I bet this title caught your eye!! And it should. Every organization I currently work with is struggling with how to drive bottom line growth . . . but not at the expense of the employees who got them there.
Does this sound familiar . . . this new product needs released yesterday to scoop the competition regardless of the effect on employee burnout and morale.
We’ve all been there and, yes, this is today’s reality. But there is a right way and a wrong way for companies – and the employees who work for them – to approach the sometimes overwhelming ‘rat race’ of competition.
To be clear, I totally agree that organizations need to think and behave with a ‘Better, Faster, Cheaper’ mentality to succeed. They need to focus on profit and growth to survive. And I totally agree that employees need to support this mission and feel valued and engaged. However, there are limits. And those limits are reached when we feel like we’re ‘losing our soul.’
This blog, the first in a series of 10, is focused on how to drive ‘Better, Faster, Cheaper’ without losing your ‘soul.’ You will find this information applies collectively to organizations and to the employees who make that organization successful.
Tip #1: Keep Sight of Both The Company’s ‘Mission and Purpose’ and Your ‘mission and Purpose’
Let’s begin with helping employees figure out where you fit in the organization’s drive for ‘Better, Faster, Cheaper.’ The best starting point is making sure you know the answers to BOTH of the following questions:
- What is the company’s Mission and Purpose?
- What is your personal Mission and Purpose?
Understanding Question #1 is critical to ensuring you know where you fit, how your contributions align with company goals and ensuring you are working on the right things. More importantly, it will enable you to see how your efforts are adding to the company’s value and the very importance of the items you are working on.
If you’re unsure of the company’s mission and purpose, take a look at your company’s website for vision and mission statements. Compare it to what you’re doing. Better yet, have a discussion with your boss to ensure you’re in alignment and suggest that you have a calibration session on a scheduled basis.
The beauty of this is it will open dialog between you and your boss, provide checkpoints on critical projects and improve productivity by working ONLY on the right things. Everyone truly wins in this situation.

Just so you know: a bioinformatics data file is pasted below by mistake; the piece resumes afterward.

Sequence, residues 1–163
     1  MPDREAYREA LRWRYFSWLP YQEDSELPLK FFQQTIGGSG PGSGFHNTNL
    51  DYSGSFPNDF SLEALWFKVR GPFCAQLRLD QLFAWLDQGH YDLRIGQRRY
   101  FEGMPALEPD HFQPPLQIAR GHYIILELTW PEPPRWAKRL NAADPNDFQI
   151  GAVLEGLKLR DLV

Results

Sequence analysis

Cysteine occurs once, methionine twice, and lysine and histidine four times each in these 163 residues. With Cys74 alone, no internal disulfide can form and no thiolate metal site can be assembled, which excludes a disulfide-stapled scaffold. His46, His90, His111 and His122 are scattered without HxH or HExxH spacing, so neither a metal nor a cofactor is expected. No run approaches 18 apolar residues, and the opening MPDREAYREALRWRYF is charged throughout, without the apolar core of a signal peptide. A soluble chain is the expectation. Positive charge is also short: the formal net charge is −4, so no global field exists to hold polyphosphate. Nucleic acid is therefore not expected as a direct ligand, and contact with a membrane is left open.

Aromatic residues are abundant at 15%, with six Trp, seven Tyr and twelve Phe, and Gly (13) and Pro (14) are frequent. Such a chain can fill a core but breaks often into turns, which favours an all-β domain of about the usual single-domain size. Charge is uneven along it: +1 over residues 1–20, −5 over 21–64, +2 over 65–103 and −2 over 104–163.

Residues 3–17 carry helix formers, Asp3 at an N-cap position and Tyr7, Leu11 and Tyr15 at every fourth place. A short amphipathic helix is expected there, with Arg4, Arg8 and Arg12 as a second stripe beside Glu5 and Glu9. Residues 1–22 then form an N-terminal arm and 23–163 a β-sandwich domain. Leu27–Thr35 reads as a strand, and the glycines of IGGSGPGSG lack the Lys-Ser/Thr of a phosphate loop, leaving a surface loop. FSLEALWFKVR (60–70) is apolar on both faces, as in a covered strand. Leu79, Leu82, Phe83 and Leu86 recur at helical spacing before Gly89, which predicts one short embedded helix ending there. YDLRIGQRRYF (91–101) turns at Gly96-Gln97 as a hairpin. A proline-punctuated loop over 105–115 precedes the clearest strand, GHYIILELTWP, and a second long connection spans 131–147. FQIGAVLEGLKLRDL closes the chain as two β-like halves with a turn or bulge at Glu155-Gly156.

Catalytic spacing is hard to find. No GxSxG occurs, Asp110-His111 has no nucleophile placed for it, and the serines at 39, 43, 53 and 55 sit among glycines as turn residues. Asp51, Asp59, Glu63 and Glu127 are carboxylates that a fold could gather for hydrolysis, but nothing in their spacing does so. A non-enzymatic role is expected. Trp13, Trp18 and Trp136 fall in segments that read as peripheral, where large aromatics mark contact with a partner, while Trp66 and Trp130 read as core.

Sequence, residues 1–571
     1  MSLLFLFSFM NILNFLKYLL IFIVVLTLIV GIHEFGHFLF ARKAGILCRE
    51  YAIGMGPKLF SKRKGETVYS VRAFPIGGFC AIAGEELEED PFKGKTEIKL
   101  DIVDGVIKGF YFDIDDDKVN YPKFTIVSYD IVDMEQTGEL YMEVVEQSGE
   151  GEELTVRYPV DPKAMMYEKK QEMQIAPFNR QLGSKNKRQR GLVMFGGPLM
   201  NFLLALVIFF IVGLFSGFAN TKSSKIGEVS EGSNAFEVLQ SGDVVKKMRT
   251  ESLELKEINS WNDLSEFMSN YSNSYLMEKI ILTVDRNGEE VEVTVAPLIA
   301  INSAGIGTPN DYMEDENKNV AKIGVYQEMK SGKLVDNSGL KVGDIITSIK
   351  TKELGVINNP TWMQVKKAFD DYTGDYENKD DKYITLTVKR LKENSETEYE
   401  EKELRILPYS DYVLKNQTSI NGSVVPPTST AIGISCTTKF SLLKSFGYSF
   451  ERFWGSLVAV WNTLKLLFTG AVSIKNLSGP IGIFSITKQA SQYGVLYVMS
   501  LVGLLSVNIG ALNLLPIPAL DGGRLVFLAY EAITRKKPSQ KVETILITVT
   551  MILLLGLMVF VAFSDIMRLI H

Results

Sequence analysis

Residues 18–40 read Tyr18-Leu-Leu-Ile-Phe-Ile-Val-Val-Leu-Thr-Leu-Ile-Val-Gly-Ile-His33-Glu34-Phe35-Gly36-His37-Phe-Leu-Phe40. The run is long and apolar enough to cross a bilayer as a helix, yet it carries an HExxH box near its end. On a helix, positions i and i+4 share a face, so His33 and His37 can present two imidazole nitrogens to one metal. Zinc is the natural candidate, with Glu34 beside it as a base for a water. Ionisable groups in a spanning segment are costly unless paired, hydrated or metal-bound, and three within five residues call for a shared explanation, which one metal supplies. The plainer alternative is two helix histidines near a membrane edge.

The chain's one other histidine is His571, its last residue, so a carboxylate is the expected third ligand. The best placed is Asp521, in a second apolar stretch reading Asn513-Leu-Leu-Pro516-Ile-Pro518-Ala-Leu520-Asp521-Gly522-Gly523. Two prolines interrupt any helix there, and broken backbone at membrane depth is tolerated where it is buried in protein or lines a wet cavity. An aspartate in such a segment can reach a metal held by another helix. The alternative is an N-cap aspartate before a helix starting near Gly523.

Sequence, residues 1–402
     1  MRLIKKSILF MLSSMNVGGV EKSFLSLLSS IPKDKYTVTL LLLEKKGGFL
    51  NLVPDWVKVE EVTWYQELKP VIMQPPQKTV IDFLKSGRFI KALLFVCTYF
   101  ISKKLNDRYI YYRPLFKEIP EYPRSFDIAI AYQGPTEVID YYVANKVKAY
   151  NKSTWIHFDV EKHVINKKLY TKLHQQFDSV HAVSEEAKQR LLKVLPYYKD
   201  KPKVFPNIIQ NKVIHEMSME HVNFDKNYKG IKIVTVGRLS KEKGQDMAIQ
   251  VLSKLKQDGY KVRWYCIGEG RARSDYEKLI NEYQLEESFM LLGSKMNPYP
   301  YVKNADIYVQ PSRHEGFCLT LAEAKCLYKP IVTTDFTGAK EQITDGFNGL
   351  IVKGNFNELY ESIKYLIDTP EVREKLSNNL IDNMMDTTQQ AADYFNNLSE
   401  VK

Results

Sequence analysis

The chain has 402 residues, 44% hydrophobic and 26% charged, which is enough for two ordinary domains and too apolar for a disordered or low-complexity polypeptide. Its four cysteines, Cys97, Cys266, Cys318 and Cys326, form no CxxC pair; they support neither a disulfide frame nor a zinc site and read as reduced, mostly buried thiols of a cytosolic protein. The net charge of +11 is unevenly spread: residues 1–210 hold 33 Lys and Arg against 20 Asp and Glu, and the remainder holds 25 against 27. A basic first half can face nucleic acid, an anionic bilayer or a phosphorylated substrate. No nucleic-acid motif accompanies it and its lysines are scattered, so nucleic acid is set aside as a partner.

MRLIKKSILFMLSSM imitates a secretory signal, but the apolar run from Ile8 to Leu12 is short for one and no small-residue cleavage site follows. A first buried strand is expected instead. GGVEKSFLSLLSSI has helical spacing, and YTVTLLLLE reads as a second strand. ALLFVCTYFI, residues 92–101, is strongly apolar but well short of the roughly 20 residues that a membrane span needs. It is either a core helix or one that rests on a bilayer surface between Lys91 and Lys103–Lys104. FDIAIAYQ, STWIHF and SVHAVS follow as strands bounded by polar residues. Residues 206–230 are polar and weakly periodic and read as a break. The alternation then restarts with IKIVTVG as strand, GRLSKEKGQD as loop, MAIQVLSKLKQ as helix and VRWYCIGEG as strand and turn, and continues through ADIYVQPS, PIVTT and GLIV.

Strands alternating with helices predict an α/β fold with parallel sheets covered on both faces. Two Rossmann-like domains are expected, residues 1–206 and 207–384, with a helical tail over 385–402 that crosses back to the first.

Answering the 2nd question is equally as critical as the 1st. If your personal mission doesn’t align with the company’s, then the benefits of understanding Question #1 will be lost. What I’m talking about here is understanding how this job matters to you personally, professionally, to work/life balance and beyond the sheer ability to pay your bills. Not every aspect of a job is ideal. But if you have satisfaction and fulfillment in a few areas that are key to you, then you’re in the right place. If not, then you have some decisions to make because chances are very high that you won’t last.
As a leader, manager and employee, you and your teams must answer these questions in an open, constructive way. If you do, everyone will benefit. Don’t take my word for it!
HBR Confirms Value of Understanding Mission and Vision
A recent Harvard Business Review article (The Neuroscience of Trust, Jan 2017) surveyed employees and found that a “feeling of mission and purpose’ offered the following dramatic improvements:
Employees who knew their mission and purpose experience . . .
- 74% less stress
- 106% more energy at work
- 50% higher productivity
- 76% more engagement
- 20% more satisfaction
- Answer the above questions for yourself
- If you’re a manager, ask your team to answer these questions and provide assistance, as needed
On a company level, knowing the Mission and Vision is critical. On the personal level, it’s just as important. Those who are happiest and performing at the highest levels in companies have their own ‘personal mission and vision’ goals lined up to their company’s.
Stay tuned for the rest of the list in the upcoming weeks!!
I’d Love to Help You, Really
Privately send me your challenges, questions and comments at email@example.com. I can’t guarantee I’ll have all the answers, but I will be candid, truthful and genuine at all times with you. All of us deserve to be inspired and joyful in our lives. We simply need to work towards it.
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